esophagus, lumen, cells, epithelium and nuclei

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Where the wide pharynx passes into the oral end of the esophagus the lumen becomes triangular in cross-section, the base directed dorsally. The esophagus at this level is lined by 5 to 6 layers of cells throughout. The peripheral and central cells are cylindrical in shape, those of the intermediate layers have a polyhedral form, and many of the latter are in mitosis. At a slightly lower level the dorsal portion of the lining epithelium thickens, while in the ventral portion, i. e., along the tracheal evagination, the epithelium becomes somewhat thinned. The shape of the lumen at this level, including here in con tinuity a portion belonging to the esophagus proper and a portion belonging to the laryngo-tracheal groove, is oval in transection, flattened from side to side.

At the level of bifurcation of the trachea the lumen of the esophagus has a narrow, spindle-shaped outline, compressed from side to side. This lumen is lined by a pseudo-stratified columnar epithelium, con taining 4 rows of nuclei dorsally and 2 to 3 ventrally. The res piratory anlage, of rectangular outline, flattened dorso-ventrally, is lined by a similar type of epithelium with about 3 rows of nuclei. Mitosis is active among the cells immediately surrounding the lumen. Terminal bars are conspicuous, especially in the tracheal anlage.

The ventral laryngo-tracheal groove becomes separated from the primitive esophagus, and is consequently converted into a tube, by a process involving the approximation and ultimate fusion of bilateral mesenchymal plates, which process extends in a caudo-oral direction. In the area of the advancing residual connection between the separating tracheal and esophageal tubes, i. e., at the level of constriction pre ceding the separation, the cells are evidently under considerable pres sure. The nuclei are in general much smaller, of very variable size, and greatly crowded. They are spheroidal in outline and many show signs of degeneration. Many of these nuclei are vesicular and prac tically achromatic, except for a relatively large and very chromatic nucleolus. None of these cells are in mitosis, but many of the nuclei are at some phase of amitotic division. In the surrounding mesen chyme, however, especially in the plates which invaginate the eso phageo-tracheal tube in the process of separation, mitosis is very active. Along the line of separation, the nuclei in the ventro-medial epithelium of the esophagus and in the dorso-medial epithelium of the trachea are much smaller, more nearly spherical, and more crowded than elsewhere in these tubes. A few smaller spheroidal yolk-globules are present in

the lining-cells of both the esophagus and trachea at these stages, but they are relatively more numerous in the esophageal epithelium.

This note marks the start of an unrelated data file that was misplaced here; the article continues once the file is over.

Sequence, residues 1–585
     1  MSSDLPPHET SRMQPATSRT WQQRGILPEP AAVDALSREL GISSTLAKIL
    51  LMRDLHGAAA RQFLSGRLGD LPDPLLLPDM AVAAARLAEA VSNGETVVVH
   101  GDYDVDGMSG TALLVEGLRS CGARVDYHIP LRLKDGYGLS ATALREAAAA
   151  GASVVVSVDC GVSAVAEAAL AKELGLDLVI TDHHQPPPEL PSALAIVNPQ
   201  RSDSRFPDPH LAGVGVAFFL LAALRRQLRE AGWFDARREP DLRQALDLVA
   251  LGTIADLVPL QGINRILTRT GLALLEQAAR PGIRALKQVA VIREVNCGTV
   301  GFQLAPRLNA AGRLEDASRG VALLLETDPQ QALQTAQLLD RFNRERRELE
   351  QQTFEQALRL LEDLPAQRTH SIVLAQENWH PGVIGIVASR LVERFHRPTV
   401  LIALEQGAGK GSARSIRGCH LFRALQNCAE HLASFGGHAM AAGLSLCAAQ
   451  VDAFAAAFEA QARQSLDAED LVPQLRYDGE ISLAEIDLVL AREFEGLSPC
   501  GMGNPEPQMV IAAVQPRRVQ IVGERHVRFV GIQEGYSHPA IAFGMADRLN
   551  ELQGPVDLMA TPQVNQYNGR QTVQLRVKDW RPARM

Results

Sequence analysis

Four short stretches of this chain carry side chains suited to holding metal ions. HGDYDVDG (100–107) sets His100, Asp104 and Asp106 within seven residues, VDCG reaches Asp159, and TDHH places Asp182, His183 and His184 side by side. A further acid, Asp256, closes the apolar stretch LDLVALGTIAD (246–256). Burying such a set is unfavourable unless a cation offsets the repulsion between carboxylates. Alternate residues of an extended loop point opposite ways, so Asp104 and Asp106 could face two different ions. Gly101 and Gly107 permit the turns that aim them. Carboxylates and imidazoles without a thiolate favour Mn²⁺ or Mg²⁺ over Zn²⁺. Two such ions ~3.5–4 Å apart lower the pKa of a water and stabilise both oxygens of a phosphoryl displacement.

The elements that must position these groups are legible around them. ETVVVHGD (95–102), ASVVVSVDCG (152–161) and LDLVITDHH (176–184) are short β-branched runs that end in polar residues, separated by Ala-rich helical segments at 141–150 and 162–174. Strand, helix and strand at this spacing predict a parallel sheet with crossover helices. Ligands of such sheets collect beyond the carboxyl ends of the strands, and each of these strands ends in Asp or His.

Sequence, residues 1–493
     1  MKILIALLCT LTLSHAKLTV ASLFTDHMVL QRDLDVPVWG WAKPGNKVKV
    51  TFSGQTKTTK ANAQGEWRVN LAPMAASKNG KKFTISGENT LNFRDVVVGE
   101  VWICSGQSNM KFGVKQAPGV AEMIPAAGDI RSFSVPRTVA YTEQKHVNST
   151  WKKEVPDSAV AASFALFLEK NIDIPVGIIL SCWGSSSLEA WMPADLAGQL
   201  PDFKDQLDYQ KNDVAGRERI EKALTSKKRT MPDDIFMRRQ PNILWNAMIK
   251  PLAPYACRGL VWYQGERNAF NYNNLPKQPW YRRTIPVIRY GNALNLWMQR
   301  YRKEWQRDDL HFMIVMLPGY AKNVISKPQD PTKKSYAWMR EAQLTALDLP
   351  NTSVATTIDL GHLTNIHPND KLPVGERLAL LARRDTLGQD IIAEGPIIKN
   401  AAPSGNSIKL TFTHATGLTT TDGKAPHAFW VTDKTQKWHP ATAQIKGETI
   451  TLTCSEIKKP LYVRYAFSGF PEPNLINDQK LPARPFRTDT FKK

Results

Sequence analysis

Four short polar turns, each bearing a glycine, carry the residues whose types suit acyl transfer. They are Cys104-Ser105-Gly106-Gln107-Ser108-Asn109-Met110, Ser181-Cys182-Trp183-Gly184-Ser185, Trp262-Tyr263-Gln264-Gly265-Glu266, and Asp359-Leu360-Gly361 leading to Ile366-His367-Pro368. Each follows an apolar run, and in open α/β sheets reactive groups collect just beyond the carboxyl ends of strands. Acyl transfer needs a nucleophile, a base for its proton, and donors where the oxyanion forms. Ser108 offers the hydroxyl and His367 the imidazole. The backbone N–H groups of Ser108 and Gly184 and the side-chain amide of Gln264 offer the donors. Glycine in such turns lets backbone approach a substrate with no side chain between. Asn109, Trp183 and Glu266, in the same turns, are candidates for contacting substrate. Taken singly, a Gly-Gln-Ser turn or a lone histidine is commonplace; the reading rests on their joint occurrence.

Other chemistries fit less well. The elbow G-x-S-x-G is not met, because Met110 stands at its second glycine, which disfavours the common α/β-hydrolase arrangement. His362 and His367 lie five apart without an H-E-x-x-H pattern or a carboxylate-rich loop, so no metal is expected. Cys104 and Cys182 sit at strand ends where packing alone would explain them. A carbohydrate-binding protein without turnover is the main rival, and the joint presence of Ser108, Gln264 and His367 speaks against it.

In the 12-day embryo the esophagus practically lacks a lumen (fig. 3). At the level just behind the point of connection between the primitive esophagus and the trachea (definitive pharynx and larynx) the narrow circular lumen of the trachea is lined with 3 to 4 layers of cells, some of which, especially centrally, are in mitosis. The esophagus, just cephalad of this point (i. e., in the region of the glottis) has a T-shaped lumen, lined dorsally with about 9 layers of cells, of cylindric form peripherally and centrally and of polyhedral form in the intermediate layers. Viewed as a whole—i. e., the lumen and its cells—the esophagus is still more distinctly T-shaped, the cross-bar in the esophagus proper being about equal to or even greater in length than the stem or the laryngeal anlage.

At the level here illustrated, figure 3, the minute central opening of the esophagus is surrounded by only 3 to 4 layers of cells, as indi cated by the rows of nuclei. By the thirteenth day even this capillary lumen is obliterated and the esophagus is completely closed for about 0.5 mm. This closure is apparently effected by a process of lateral traction (or possibly dorso-ventral compression) upon the originally cylindric tube, causing thus a change in shape of the lumen from an oval or a circular to a horizontal cleft form. This mechanical factor is assisted by the larger number of cell-layers dorsally, the result of greater proliferative activity, and accomplishes finally a close apposi tion and ultimate fusion of the dorsal and ventral walls. One small lateral vacuole was seen in the epithelial lining of the stenosed esoph agus at the 12-day stage; at the 13-day stage three lateral vacuoles had appeared.

The central area of the closed esophagus of this stage consists of irregular stellate cells, resembling a compact mesenchymal reticulum. These cells come chiefly from the dorsal thicker wall, and represent modification products of originally cylindric cells.

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